Turkey and Russia need to continue working together to pursue the cease-fire in Syria, Turkey’s Foreign Minister Mevlüt Çavuşoğlu said on Friday, warning that a possible military solution in the northwestern city of Idlib would be a “disaster,” the state-run Anadolu news agency reported.
Speaking to reporters in Moscow after meeting with his Russian counterpart, Sergei Lavrov, Çavuşoğlu said, “Preserving the de-escalation zone in Idlib is important both a humanitarian aspect and in the fight against terrorism.”
Stressing that more than 3 million civilians live in Idlib, he said: “A military solution there would be a disaster. It would be a disaster not only for the Idlib region but also for the future of Syria.”
“Separating civilians from combatants in Idlib is important for everyone, but a solution through force would lead to a new wave of refugees and a humanitarian catastrophe,” he warned.
“A solution by force in Idlib would undermine the trust between Russia and Turkey as well as the trust of the cease-fire participants.”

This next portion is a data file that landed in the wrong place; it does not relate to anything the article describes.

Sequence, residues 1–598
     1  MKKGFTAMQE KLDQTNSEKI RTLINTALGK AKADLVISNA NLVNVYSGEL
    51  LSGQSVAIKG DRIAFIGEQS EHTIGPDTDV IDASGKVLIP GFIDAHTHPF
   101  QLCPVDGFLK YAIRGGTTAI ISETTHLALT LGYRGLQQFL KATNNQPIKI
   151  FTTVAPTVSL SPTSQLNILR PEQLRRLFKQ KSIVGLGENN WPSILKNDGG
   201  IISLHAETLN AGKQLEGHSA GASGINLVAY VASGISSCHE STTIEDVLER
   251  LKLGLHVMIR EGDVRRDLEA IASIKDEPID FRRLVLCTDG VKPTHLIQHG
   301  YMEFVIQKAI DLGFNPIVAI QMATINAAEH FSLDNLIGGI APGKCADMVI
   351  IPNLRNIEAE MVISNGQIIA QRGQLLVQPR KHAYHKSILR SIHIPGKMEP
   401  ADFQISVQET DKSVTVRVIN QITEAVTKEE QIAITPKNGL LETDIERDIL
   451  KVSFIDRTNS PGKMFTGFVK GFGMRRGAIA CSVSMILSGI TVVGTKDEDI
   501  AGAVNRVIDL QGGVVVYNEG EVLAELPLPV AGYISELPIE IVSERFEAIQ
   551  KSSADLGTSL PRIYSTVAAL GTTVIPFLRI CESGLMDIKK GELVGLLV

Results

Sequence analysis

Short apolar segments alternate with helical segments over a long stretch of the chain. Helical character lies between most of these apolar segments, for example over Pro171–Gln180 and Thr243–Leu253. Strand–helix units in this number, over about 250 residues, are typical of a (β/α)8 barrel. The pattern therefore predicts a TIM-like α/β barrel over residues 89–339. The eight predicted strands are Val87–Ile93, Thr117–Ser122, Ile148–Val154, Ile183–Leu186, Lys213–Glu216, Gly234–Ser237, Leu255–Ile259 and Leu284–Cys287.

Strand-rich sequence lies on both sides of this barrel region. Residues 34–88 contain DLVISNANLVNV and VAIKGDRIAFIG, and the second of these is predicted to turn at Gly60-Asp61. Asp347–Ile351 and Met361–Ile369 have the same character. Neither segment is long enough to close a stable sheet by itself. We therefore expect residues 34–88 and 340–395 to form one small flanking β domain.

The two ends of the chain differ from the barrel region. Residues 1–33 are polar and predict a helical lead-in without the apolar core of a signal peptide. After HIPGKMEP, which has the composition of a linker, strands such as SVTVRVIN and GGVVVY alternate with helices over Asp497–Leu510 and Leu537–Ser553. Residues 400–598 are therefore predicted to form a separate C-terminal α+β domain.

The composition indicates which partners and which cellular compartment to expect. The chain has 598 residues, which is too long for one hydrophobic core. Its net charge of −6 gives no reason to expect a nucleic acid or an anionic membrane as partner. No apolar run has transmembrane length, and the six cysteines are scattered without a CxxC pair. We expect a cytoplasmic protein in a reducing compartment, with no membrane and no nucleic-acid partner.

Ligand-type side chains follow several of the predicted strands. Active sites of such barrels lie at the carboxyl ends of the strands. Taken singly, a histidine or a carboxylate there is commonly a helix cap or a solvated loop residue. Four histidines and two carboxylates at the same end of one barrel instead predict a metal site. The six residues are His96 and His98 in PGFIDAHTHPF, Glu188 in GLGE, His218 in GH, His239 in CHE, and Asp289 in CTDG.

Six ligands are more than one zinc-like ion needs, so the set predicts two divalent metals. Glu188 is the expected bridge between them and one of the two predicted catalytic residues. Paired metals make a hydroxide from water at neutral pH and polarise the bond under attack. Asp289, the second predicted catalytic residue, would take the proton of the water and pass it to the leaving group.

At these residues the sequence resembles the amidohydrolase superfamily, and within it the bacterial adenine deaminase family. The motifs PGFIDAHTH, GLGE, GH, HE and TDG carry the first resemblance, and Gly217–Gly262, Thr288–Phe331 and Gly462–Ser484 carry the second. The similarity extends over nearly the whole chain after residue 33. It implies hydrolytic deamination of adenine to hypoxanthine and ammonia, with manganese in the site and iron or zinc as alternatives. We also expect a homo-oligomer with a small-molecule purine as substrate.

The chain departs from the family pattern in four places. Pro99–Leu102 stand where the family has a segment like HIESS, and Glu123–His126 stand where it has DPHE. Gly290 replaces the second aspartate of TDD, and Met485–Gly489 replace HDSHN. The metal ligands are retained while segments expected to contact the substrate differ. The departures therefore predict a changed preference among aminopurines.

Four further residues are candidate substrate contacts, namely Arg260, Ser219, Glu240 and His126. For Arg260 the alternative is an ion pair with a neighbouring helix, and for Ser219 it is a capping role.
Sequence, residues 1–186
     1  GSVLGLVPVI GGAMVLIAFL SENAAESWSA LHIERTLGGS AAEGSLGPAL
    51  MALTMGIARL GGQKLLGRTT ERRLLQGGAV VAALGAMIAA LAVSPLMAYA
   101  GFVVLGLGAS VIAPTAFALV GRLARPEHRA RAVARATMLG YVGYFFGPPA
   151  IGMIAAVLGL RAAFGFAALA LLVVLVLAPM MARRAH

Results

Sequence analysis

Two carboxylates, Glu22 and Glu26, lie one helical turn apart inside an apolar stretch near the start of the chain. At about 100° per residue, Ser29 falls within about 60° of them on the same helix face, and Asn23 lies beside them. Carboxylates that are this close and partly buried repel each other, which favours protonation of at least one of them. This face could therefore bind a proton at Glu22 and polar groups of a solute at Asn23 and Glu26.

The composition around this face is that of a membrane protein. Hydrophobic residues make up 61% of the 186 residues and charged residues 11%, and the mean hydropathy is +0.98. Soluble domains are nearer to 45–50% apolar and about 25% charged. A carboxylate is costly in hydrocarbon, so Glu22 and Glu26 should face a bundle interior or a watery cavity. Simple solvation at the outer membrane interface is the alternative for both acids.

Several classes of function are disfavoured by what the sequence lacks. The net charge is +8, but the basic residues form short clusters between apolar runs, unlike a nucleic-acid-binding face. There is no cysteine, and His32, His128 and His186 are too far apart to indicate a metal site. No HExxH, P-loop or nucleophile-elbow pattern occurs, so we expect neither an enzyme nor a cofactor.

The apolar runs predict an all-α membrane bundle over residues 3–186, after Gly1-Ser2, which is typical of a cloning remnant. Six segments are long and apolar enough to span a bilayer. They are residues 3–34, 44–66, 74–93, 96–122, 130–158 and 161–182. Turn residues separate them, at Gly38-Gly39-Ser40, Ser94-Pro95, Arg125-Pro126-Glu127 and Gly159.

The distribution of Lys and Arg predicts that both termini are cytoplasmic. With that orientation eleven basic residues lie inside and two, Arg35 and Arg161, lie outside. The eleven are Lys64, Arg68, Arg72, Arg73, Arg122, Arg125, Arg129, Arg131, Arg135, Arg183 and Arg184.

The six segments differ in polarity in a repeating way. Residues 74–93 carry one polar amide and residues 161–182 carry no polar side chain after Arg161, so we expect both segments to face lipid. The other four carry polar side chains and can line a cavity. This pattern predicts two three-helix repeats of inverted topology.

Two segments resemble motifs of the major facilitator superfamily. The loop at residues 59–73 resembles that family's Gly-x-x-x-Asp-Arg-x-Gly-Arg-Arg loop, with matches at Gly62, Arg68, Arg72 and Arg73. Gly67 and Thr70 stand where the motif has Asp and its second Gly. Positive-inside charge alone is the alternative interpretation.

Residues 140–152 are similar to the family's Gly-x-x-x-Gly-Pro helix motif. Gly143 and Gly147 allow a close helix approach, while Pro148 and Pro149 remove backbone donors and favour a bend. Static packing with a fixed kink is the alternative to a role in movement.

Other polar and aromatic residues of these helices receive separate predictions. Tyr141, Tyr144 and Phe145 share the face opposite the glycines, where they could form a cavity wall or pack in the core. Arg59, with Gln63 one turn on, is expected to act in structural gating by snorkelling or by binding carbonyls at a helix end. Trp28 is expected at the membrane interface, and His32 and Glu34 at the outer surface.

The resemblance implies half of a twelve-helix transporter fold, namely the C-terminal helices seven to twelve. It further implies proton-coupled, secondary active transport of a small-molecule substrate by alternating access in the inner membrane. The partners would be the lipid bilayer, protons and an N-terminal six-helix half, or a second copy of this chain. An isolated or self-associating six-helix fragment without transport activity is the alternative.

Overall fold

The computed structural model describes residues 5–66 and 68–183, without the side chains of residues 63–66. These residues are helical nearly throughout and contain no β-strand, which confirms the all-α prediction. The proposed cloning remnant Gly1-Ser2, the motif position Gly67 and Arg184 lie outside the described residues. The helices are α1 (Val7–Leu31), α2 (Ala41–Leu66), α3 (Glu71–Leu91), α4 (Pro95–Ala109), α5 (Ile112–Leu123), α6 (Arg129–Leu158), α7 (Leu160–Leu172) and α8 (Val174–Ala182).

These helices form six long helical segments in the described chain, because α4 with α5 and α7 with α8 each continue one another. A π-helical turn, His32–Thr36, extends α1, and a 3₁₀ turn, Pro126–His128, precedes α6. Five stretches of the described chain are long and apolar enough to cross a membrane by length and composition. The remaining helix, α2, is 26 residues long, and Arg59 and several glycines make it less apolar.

“It is necessary to work in the Astana format on the [existing] cease-fire, it is necessary to work on promoting the political process,” he said, referring to the process that began in Astana, Kazakhstan.
Representatives of the guarantor countries for the Syria cease-fire — Turkey, Russia and Iran — will meet with Staffan de Mistura, the UN’s special Syria envoy, on this point in the near future, added Çavuşoğlu. The issue will also be discussed by the three countries’ presidents in Tehran in September, he said.
Çavuşoğlu also said the political process in Syria should be started as soon as possible.
Stating that a list of member candidates for a constitutional committee had been summited, Çavuşoğlu said: “Establishing a constitutional committee immediately is important for Syria’s future. We back this process.”
The situation in Idlib is also set to top a meeting between the Russian and Turkish foreign and defense ministers and intelligence chiefs.
Located near the Turkish border, Idlib in May was designated a “de-escalation zone” where acts of aggression are expressly forbidden.
Syria has only just begun to emerge from a devastating conflict that began in early 2011, when the Assad regime cracked down on protesters with unexpected ferocity.
UN officials estimate that hundreds of thousands of people have been killed in the conflict.